Is made to prevent an employee from making contractual claims (for example, receive a contractually agreed severance payment).
Abusiveness does not render a dismissal invalid. The only consequence of a violation of Article 336 of the Code of Obligations is the payment of compensation of up to six months' salary at the discretion of the judge.
Employees who are members of trade unions and/or fulfil certain functions in the company's employee representation bodies are specifically protected (Article 336, Code of Obligations).
No final decisions can be taken on mass dismissals before the completion of the consultation process (see Question 19).
After expiration of the probationary period (which can last up to three months), temporary protection against dismissal also exists under Article 336c of the Code of Obligations in the case of illness (see Question 10, Illness and injury of employees), pregnancy and mandatory military service. Dismissal notices issued during the protection period are deemed void.
Swiss employment law includes rules on mass dismissals (Articles 335d to 335g, Code of Obligations). There are certain threshold numbers of redundancies that trigger the mass dismissal regulations, depending on the overall number of employees.
If an employer intends a mass dismissal it must inform the employees (or any employee representation body) about the intended measures and the reason for those measures. There is also a consultation requirement. Employees must have an opportunity to provide their own counter proposals, showing how the dismissals can be fully or partially avoided or how their negative consequences can be reduced. While the employer does not need to prove the reasons for the mass dismissal, it must provide sufficient information for the employees to be able to make proposals.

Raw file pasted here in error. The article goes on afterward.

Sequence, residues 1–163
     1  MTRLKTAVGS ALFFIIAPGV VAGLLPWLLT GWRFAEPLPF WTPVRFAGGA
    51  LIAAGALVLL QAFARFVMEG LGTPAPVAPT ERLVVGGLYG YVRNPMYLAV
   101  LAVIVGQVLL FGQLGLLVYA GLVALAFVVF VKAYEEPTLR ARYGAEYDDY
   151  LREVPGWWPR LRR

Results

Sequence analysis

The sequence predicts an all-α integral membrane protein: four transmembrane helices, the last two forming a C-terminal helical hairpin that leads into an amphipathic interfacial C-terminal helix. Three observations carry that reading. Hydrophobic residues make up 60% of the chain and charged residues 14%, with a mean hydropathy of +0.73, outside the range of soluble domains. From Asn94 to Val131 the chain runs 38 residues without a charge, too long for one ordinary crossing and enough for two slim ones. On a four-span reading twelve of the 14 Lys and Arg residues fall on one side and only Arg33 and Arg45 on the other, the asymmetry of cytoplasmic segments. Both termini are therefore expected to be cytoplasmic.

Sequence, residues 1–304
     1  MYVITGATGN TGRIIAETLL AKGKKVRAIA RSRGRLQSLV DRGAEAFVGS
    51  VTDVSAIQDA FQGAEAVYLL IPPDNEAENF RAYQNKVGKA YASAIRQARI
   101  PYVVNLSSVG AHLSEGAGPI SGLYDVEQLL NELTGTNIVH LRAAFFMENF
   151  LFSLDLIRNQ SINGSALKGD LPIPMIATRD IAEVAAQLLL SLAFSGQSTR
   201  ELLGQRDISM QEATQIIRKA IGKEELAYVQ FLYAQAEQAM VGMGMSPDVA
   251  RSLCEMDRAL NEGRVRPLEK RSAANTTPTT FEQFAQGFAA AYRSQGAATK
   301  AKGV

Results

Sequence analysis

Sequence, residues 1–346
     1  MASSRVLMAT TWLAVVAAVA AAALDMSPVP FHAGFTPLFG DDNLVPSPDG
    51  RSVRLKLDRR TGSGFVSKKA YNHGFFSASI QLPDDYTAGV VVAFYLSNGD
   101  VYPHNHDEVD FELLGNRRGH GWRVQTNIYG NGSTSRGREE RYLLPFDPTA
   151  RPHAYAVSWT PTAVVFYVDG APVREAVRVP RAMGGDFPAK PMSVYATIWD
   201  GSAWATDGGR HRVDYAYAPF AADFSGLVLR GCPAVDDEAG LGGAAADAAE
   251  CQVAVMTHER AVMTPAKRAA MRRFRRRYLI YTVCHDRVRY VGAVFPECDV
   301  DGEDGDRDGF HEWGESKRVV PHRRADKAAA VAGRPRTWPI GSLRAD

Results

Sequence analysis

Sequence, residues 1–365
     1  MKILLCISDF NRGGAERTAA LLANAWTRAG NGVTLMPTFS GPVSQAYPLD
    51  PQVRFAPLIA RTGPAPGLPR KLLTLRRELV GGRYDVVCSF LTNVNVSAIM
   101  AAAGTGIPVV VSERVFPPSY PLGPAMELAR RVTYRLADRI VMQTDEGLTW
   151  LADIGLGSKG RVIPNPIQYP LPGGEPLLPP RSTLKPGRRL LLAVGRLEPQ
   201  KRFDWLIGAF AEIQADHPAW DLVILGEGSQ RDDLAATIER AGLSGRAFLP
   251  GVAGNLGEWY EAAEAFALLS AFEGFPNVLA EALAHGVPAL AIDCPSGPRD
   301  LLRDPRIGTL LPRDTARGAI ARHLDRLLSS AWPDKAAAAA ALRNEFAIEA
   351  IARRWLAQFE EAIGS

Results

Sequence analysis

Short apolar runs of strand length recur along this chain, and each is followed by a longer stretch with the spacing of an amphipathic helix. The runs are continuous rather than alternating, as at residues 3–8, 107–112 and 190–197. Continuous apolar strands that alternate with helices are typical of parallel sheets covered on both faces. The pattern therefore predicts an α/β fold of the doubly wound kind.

After completion of the consultation process, the employer must notify the competent public authority, which can then intervene on its own and make certain proposals aimed at protecting the employees who become redundant.
If the employer does not duly consult the employees before taking the decision to dismiss, the dismissals are deemed abusive and the employees can claim compensation of up to two months' salary at the judge's discretion.
There is no statutory obligation to establish a social plan under Swiss law. However, this obligation can arise under a collective bargaining agreement. Moreover, it has become customary for employers to set up a social plan in cases of mass redundancies. This provides for certain benefits in favour of employees, such as:
Additional severance payments.
Additional contributions to their pension schemes.
Assistance in finding new jobs.
Financing transition arrangements (for example, schooling).
Swiss statutory law does not provide for employee representation in the management.
The Federal Statute on Participation Rights of Employees (Mitwirkungsgesetz) of 17 December 1993, as amended, provides for certain information and consultation requirements with employee representation bodies or the employees. Consultation rights exist relating to:
Employment safety matters.
Transfers of business.
Accession to pension fund organisations.
There are consultation and information requirements if individual employment relationships are transferred to another legal entity in connection with a corporate transaction (Article 333a, Code of Obligations). Likewise, these requirements must be observed when all employment relationships are automatically transferred by operation of law in a merger (Universalsukzession). These requirements do not apply if the transaction only involves the sale of shares.
If companies violate the statutory information and consultation requirements for a transaction under the Federal Merger Act (Fusionsgesetz) of 3 October 2003, as amended, employees have a right to block the transaction by obtaining temporary restraining orders. However, Articles 333 et seq of the Code of Obligations do not provide for specific sanctions. Generally, an individual employee has a claim for specific performance or for damages, to the extent damage can be shown.
See above, Remedies.
In a transfer of a business or part of the business, the employment agreements for all employees engaged in the business are automatically transferred by operation of law (Article 333 et seq, Code of Obligations). Issues can arise for people working for different business units, where case-by-case solutions must be negotiated.